A Tribute to Justice Ruth Bader Ginsburg

The Bencher—March/April 2021

By Michael Li-Ming Wong, Esquire

My justice,

As I undertook the grim duty of “standing vigil” by your casket at the Supreme Court of the United States, I saw and felt my heartache reflected in the faces of throngs of mourners, who had waited many hours in long lines to say farewell to you. Millions of us revere you for your legacy of caring passionately—about your work, your country, and the people around you. Having had the honor of serving as your law clerk, I enjoyed a firsthand view of your passionate caring. And the image that came to mind was a tiny T-shirt.

First, you cared passionately about your craft. I recall toiling on opinions late night after late night, you making multiple rounds of handwritten emendations that I would then implement. It was not unusual to turn dozens of drafts of a single opinion. You scrupulously honed and sculpted each sentence, like a jeweler lovingly polishing a gem to a mirrored shine. No needless word, nor a single jot of overwrought rhetoric, escaped your editing pen. You ensured that every sentence flowed smoothly from the previous one. You chose your words and case citations assiduously. Your final written product sang, like the arias you loved.

You cared passionately about—and so profoundly respected—the rule of law. You loved how legal puzzle pieces interlock, interact, and intersect. In particular, you were always a proceduralist at heart: You knew the rules of procedure like the back of your hand, and you asked your law clerks to remain vigilant about procedural issues such as constitutional standing.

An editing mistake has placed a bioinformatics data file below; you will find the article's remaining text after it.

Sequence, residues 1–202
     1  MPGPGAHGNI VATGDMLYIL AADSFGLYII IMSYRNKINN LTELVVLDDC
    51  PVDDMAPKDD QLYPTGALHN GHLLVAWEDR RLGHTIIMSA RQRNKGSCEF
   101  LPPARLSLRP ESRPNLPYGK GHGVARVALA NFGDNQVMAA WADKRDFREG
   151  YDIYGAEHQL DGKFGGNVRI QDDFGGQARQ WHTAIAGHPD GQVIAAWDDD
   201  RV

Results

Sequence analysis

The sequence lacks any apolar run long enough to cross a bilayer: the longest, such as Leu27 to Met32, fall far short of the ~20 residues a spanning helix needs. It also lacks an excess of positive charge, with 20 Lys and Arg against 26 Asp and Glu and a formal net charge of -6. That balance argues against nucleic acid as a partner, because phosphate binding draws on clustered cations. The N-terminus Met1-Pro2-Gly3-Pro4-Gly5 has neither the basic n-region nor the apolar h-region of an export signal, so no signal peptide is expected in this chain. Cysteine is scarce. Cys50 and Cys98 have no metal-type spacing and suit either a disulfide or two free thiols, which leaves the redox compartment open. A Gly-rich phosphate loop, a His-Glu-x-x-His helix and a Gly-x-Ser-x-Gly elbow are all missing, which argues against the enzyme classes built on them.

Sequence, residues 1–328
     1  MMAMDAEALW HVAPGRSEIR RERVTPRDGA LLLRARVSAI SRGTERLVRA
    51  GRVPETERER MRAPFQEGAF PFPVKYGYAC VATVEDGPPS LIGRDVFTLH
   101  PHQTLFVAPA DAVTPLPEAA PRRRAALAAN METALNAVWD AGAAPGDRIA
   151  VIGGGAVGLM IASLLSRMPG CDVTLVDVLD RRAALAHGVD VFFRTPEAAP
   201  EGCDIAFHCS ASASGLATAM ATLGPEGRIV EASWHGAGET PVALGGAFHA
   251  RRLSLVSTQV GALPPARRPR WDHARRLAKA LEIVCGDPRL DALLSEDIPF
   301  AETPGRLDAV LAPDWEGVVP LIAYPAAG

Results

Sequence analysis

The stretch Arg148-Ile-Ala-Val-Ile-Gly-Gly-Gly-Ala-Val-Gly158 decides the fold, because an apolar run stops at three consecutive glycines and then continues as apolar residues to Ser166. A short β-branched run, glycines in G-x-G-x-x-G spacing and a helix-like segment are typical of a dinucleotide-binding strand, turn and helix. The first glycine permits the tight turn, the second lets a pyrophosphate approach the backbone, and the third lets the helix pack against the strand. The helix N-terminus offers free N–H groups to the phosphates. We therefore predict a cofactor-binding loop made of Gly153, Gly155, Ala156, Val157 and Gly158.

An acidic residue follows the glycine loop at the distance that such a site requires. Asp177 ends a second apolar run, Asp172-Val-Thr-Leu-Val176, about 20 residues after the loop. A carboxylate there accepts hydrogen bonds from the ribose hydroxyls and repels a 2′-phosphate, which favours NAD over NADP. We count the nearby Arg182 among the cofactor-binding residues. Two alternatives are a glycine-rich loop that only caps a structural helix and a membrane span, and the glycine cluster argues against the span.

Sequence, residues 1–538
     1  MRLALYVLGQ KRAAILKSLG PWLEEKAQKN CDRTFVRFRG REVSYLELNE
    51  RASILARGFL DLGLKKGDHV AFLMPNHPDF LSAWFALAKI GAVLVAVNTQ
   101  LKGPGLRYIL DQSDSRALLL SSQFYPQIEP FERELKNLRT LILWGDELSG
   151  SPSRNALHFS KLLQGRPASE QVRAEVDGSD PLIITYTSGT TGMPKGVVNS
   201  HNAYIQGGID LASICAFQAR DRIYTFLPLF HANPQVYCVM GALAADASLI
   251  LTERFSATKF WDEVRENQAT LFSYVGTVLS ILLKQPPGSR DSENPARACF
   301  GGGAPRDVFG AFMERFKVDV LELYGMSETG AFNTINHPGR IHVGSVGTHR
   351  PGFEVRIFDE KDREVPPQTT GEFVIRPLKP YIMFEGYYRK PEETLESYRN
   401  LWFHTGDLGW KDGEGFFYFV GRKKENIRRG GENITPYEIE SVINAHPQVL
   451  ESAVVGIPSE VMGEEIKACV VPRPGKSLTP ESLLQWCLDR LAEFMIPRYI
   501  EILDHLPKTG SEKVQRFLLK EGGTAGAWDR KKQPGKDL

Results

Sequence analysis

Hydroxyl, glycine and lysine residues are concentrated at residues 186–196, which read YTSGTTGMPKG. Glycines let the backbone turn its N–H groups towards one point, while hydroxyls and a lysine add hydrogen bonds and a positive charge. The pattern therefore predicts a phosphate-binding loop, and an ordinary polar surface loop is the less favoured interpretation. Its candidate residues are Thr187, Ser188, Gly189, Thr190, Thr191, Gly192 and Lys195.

Second, you cared passionately about our nation. You viewed the Constitution as a bulwark against stereotypes that dehumanize complex human beings and reduce them to caricatures. You broke new ground in Equal Protection Clause doctrine, perspicaciously arguing or authoring pathbreaking Supreme Court cases that changed history. You dreamed that society—and the law—would view everyone for whom he or she actually is, free to pursue his or her God-given potential. I pray that your dream of “a more perfect union” will be fully realized someday.

You also warned that courts should not move too hastily. In your opinions and scholarship, you insisted that courts duly respect the other branches of government. Your jurisprudence was one of measured and incremental progress, not sweeping change through muscular interpretations of textual enactments. You counseled judicial patience: Sometimes it was better to leave unripe issues for a later day.

Third, you cared passionately about humans, and you lived a life of passion. You so loved your family: Nothing made your face light up like relating stories about your children and grandchildren. And your marriage to Martin Ginsburg epitomized a loving and equal partnership. May your reunion with Marty be as joyful as I imagine.